Toto Wolff has branded George Russell's claim that Valtteri Bottas deliberately caused their 200mph crash as "bulls***" – and fears the accident could hinder Lewis Hamilton’s charge for an eighth world championship.

Russell and Bottas exchanged obscenities after their high-speed collision in Sunday’s Emilia Romagna Grand Prix.

Russell suggested that Bottas would have behaved differently to another driver, with both men in contention to partner Hamilton at Mercedes next season.

But responding to Russell’s comments, an annoyed Wolff said: "That is bulls***. The whole situation is absolutely not amusing for us. I am going to speak to George and make my point."

Bottas’ Mercedes was severely damaged in the accident and Wolff believes the repair bill could have a knock-on effect in this season’s development race.

A new budget cap means spending is limited to £105million. In previous campaigns, Mercedes have spent north of £300m.

Hamilton finished second to Red Bull’s Max Verstappen in Imola and will head to the next round in Portugal a week on Sunday with a single-point advantage in the championship.

Wolff added: "It was a big shunt, our car is a write-off, and in a cost-cap environment that is certainly not what we needed and it is probably going to limit upgrades for us.

"I cannot overlook that we literally lost a car and Valtteri didn't score any points."

Wolff said a star was born when Russell stood in for a Covid-hit Hamilton at last December’s Sakhir Grand Prix.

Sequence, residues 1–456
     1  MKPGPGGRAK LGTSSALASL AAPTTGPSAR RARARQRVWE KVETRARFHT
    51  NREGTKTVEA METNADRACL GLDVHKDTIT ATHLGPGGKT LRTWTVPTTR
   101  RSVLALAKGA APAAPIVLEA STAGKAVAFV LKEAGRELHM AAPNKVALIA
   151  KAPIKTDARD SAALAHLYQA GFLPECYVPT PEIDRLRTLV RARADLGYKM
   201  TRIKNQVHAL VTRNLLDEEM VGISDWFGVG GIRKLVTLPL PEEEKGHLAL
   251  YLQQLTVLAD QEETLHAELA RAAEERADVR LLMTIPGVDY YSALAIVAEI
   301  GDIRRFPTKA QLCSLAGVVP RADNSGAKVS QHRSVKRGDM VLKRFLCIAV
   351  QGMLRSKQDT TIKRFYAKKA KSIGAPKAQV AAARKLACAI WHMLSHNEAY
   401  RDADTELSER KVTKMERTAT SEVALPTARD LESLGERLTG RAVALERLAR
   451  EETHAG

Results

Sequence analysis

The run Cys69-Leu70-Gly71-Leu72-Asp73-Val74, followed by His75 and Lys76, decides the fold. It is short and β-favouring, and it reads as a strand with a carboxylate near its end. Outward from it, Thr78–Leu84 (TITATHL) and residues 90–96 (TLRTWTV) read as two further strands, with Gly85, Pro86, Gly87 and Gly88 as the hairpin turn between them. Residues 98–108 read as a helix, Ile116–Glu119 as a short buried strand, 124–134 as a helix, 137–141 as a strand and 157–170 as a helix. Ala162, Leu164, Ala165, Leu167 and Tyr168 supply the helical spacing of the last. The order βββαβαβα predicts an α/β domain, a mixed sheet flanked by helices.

The Englishman, 23, was faster than Bottas throughout the race but was cruelly denied victory following a pit-stop mistake by Mercedes and then a late puncture.

Russell, now in his third season with Williams, believes he is ready to join Hamilton, having been on Mercedes’ books as a junior driver in 2017.

George Russell

But Wolff, who will have the final say on Russell’s next move, took a dim view of his protege’s actions in Imola.

He said: "Valtteri had a bad first 30 laps and shouldn’t have been there, but George should never have launched into this manoeuvre.

"It meant taking risks and the other car in front was a Mercedes. For a young driver, you must never lose this global perspective, so there is lots for him to learn.

"I don’t want him to try to prove anything to us. One thing I can say, is that knowing Valtteri for five years, he is not trying to prove anything."

However, F1 managing director Ross Brawn moved to defend Russell.

Brawn, the former team principal of Mercedes, said: "Imola is quite a narrow track so there’s not much space. When you add wet grass either side from the rain, it becomes very, very tricky.

"I’m sure both drivers will analyse the incident and learn from it but it did look like Valtteri drifted across and left George nowhere to go."